Harrison, Rashad. Our Man in the Dark. Atria: S. & S. Nov. 2011. 320p. ISBN 9781451625752. $25. LITERARY
Harrison’s debut novel sounds both serious and seriously involving, as it’s based on the true story of a man working for Dr. Martin Luther King’s Southern Christian Leadership Council (SCLC) who became an FBI informant shortly before King was assassinated. Feeling unjustly neglected, SCLC bookkeeper John Estem steals money from the till so that he can found his own organization, but then he blows it all. Soon the FBI comes by to suggest that Estem has a duty to report on possible Communist infiltration of SCLC and threatens him with exposure if he doesn’t. A graduate of New York University’s MFA programs, where he was a Jacob K. Javits Fellow, Harrison has racked up a nice bunch of finalist/shortlist honors at various literary venues, so he seems poised for good things. I don’t know where to put this, precisely, with its deep-seated social/ethical concerns and the thriller-like suggestion of FBI manipulation, but I have a good feeling about this book.
Vigan, Delphine de. Underground Time. Bloomsbury, dist. by Macmillan. Nov. 2011. 272p. ISBN 9781608197125. pap. $15. LITERARY
I wasn’t familiar with Vigan when I came across this book, so I did some digging. Her first work (under a pseudonym) was an autobiographical novel about her struggle as a teenager with anorexia; her recent No et Moi [No and Me] was a multiaward winner in France that sold 100,000 copies and was marketed here to raves as a children’s book, though it had crossover appeal elsewhere. Her current novel, shortlisted for the Prix Goncourt, which is no petits pommes de terre, concerns two lonely people in the big city: Mathilde, miserable at the multinational where she works after her mean boss gets it in for her, and paramedic Thibault, who rescues people all day. Do they connect? Vigan should manage that with delicacy and some emotion. Definitely try this.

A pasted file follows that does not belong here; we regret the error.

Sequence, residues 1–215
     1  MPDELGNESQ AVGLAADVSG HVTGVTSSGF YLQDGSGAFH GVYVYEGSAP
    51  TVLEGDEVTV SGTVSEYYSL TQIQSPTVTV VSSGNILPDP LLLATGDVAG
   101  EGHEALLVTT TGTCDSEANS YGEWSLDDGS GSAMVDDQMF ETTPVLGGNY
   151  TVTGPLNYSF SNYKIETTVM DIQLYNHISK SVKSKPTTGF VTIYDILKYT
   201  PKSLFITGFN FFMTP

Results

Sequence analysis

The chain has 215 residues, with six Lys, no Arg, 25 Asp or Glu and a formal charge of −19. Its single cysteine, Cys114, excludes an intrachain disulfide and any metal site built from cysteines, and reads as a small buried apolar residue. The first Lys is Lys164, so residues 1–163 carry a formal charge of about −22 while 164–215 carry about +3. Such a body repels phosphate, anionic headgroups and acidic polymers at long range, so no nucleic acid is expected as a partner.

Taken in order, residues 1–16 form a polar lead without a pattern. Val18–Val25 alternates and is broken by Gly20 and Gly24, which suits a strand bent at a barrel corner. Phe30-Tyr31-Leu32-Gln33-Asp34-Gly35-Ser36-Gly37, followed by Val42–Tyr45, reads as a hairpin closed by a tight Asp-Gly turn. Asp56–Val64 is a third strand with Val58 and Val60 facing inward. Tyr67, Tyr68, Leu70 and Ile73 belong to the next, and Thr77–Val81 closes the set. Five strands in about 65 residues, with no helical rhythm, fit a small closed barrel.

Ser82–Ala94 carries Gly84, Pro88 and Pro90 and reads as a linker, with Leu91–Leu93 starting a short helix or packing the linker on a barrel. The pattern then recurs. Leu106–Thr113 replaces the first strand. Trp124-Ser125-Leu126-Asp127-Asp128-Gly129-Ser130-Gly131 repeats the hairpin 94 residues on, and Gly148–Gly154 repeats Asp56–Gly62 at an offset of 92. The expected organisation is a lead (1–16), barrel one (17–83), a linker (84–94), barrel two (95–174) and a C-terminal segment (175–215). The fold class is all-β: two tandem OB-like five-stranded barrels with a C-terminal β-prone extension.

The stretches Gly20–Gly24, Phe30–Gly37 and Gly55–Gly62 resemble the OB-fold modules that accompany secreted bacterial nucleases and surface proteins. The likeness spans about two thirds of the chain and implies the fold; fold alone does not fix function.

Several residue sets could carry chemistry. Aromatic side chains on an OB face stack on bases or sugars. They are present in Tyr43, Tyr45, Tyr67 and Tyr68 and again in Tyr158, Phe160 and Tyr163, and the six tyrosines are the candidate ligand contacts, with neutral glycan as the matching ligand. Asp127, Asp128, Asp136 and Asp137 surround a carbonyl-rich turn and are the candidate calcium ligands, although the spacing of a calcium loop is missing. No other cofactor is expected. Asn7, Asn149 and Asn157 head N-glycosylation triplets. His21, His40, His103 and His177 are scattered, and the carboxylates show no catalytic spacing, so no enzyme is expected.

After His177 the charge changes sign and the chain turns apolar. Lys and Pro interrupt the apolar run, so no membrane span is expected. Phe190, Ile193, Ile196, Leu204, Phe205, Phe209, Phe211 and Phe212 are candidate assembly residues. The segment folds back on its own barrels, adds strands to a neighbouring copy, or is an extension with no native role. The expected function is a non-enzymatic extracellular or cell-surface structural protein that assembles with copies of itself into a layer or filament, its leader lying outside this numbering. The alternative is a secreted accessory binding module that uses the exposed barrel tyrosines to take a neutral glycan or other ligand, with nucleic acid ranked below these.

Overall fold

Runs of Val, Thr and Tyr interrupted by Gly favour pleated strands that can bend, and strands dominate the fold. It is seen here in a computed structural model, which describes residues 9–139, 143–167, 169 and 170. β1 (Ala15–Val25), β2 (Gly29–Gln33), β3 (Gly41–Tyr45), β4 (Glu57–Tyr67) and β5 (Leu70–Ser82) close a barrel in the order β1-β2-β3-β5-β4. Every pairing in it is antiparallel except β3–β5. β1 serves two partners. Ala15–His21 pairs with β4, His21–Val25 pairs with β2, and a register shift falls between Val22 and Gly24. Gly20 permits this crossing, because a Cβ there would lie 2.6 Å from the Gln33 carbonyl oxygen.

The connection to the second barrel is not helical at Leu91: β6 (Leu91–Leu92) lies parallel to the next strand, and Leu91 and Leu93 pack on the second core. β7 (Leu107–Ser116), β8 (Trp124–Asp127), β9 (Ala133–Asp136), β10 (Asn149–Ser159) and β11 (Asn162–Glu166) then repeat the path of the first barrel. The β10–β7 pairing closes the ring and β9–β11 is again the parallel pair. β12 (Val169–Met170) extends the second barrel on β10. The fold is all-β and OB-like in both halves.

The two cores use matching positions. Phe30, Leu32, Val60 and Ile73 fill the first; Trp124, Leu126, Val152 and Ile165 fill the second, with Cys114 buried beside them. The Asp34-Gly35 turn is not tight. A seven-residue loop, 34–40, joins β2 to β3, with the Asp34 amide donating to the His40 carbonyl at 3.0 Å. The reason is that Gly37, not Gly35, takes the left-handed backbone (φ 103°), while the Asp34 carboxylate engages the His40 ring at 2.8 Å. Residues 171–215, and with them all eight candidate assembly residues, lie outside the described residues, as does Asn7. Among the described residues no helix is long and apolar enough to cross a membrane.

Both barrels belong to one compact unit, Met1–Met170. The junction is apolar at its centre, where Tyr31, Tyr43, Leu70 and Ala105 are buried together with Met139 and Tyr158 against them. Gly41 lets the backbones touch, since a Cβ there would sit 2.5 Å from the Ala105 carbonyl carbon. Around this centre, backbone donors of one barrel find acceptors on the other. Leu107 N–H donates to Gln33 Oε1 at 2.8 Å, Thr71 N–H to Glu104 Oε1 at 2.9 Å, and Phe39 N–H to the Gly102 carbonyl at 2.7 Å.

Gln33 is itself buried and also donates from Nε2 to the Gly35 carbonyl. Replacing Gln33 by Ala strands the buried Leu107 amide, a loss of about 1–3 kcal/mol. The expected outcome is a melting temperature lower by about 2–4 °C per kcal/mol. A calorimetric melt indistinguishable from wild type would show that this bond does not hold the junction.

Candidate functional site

Harris, Jana. Horses Never Lie About Love: A True Story. Free Pr: S. & S. Nov. 2011. 288p. ISBN 9781451605846. $24; eISBN 9781451605860. ANIMALS/INSPIRATION
A Pushcart Award‚ winning poet who also writes fiction and essays and founded and edits the longstanding electronic poetry journal Switched-on Gutenberg, Harris always wanted to raise horses. She finally got her wish when she and her husband moved to Washington State. Alas, her first broodmare, True Colors, had been caught in a range fire that had scarred her head, ears, and lungs, and she shied away from people, fences, and anything else she found unpredictably threatening. Then True Colors began to heal, becoming not only a tender mom but leader of the herd, the force that kept all the others horses happy and well behaved. This lovely book tells us not just about the animal-animal bond but the animal-human bond and what we can learn from our four-hoofed friends.
Pearse, Emma. Sophie: The Incredible True Story of the Castaway Dog. DaCapo Lifelong. Oct. 2011. 272p. ISBN 9780738214672. $25; eISBN 9780738215488. ANIMALS/INSPIRATION
When the Griffiths took their beloved Sophie Tucker sailing near Australia’s Great Barrier Reef, the three-year-old blue heeler was swept overboard in rough waters and lost, though the Griffiths circled relentlessly in search of her. But Sophie proved to be one tough canine, swimming six miles through shark-thick waters to the remote St. Bees Island. There she lived off baby goats for five months until captured by rangers and returned to the mainland. (The island is uninhabited but has facilities for camping and researchers.) When the Griffiths heard about the castaway dog through a friend, they doubted it could be Sophie but went to meet the ferry bringing her back. The rangers feared that the dog might now be truly feral and unable to adapt to humans, but when Sophie saw the Griffiths, she nearly broke out of her cage with joy. Pearse is an Australian journalist living in New York; her book is a tear-jerker for everyone.